While last segment was rather light on Curbside Classics this one will make up for it as we explore Vancouver Island.
Day six is all on Vancouver Island but it larger than one might suspect. We still manage to rack up quite a few kilometers.
If you recall the last segment I mentioned that the campsite owner was telling the people in line before us it was busy and they might have to share a site. A quick wander around the next morning showed it to be maybe a quarter full at best.
This is our “four tent” site. As a welcome to Vancouver Island it rained overnight quite a bit and continued into the morning. The campsite was such a damp sort of place we just packed our stuff up wet as it likely never would have dried no matter how long we stayed into the day.
The campsite had a bunch of little roads going all over. The owner obviously had a sense of humor about it though.
Someone must have been a mechanic in a previous life as there were plenty of rims and big rig truck brake drums used as planters. Each section had a name like Tire-Rim garden.
The extended family seemed to have houses interspersed between sections of the campsite. There were quite a few classic cars around too including this air cooled Beetle.
A rather nice Mustang poking out of a car shelter.
Here is a Canadian market Dodge sporting a for sale sign. In this time period they were a Plymouth body with Dodge trim often nicknamed Plodges.
Ripe berries in June already? You certainly would not see this sight in Alberta so early.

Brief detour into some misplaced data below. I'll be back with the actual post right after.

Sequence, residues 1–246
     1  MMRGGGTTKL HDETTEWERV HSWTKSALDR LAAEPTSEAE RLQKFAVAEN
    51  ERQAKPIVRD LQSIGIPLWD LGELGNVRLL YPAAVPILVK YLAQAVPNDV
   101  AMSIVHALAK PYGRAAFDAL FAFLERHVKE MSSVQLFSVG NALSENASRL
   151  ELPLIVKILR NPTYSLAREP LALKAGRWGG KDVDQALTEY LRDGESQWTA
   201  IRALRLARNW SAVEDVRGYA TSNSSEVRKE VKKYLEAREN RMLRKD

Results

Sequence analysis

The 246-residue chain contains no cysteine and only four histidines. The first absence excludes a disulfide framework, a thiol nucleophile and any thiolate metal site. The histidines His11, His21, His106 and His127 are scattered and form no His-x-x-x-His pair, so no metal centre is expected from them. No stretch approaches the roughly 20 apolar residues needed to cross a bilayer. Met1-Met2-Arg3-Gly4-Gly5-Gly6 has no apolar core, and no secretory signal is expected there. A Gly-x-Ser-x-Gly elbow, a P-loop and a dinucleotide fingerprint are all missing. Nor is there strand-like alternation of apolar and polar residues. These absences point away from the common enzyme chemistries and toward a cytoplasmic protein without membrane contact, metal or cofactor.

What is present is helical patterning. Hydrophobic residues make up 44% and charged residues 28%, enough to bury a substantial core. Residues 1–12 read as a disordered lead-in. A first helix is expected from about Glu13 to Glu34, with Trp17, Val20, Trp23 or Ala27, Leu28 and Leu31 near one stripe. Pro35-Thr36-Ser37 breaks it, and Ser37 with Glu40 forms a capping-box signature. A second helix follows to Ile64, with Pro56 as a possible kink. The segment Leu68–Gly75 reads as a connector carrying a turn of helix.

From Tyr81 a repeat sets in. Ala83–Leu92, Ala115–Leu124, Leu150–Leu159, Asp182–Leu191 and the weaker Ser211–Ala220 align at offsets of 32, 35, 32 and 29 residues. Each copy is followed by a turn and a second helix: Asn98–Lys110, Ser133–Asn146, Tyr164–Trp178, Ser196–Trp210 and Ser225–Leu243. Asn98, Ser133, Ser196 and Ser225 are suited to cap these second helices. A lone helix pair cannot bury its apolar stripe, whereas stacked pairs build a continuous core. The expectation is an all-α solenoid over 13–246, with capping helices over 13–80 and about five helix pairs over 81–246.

We rode into the nearby town of Port Hardy to look around and fuel up. This is 94 octane but this was the most expensive fuel this far. The conversion comes to a touch over $5US/gallon. Luckily with a small bike one’s fuel bill is never big.
We were able to get right down to the dock for a first close up look at the ocean.
Heading inland the scenery turned to small mountains with lots and lots of trees.
Where you have lots of trees you also get logging trucks. Plenty of them here. They also tend to drop wood debris on the road so you have to keep an eye on the road as a motorcyclist.
Quite a few nice lakes to be seen as well. If you can see pass the trees that is.
An old tractor in Sayward where we stopped for lunch. I do not claim to be a tractor expert but perhaps one of our readers can identify this one. (Update from the comments – late 40’s early 50’s Farmall Cub).
The restaurant itself featured several stuffed heads on the wall.
There were a few other bikes traveling the island as well including this retro inspired Honda CB1100. Even scooter behind had a bigger engine than my bike.
This Volkswagen van was with us on the ferry and we saw it a few times later in the day.
A Retired logging truck? Not sure on the marque of this one either. (Update from the comments – either a Pacific or Hayes logging truck – both built on Vancouver Island).
The cab did not have any obvious badging to shed light on the make.
Later in the journey a nut fell off my brake light so I had to source a replacement along the road at this Suzuki dealer. They assumed I was local and offered to order one in from the catalog. I declined and got them just to find something that would fit for now.
As far as road side repairs go this one is pretty minor but it is still an excuse to get the factory tool kit out again. It is wedged in above the battery.
An old Dodge 800 truck resting nearby.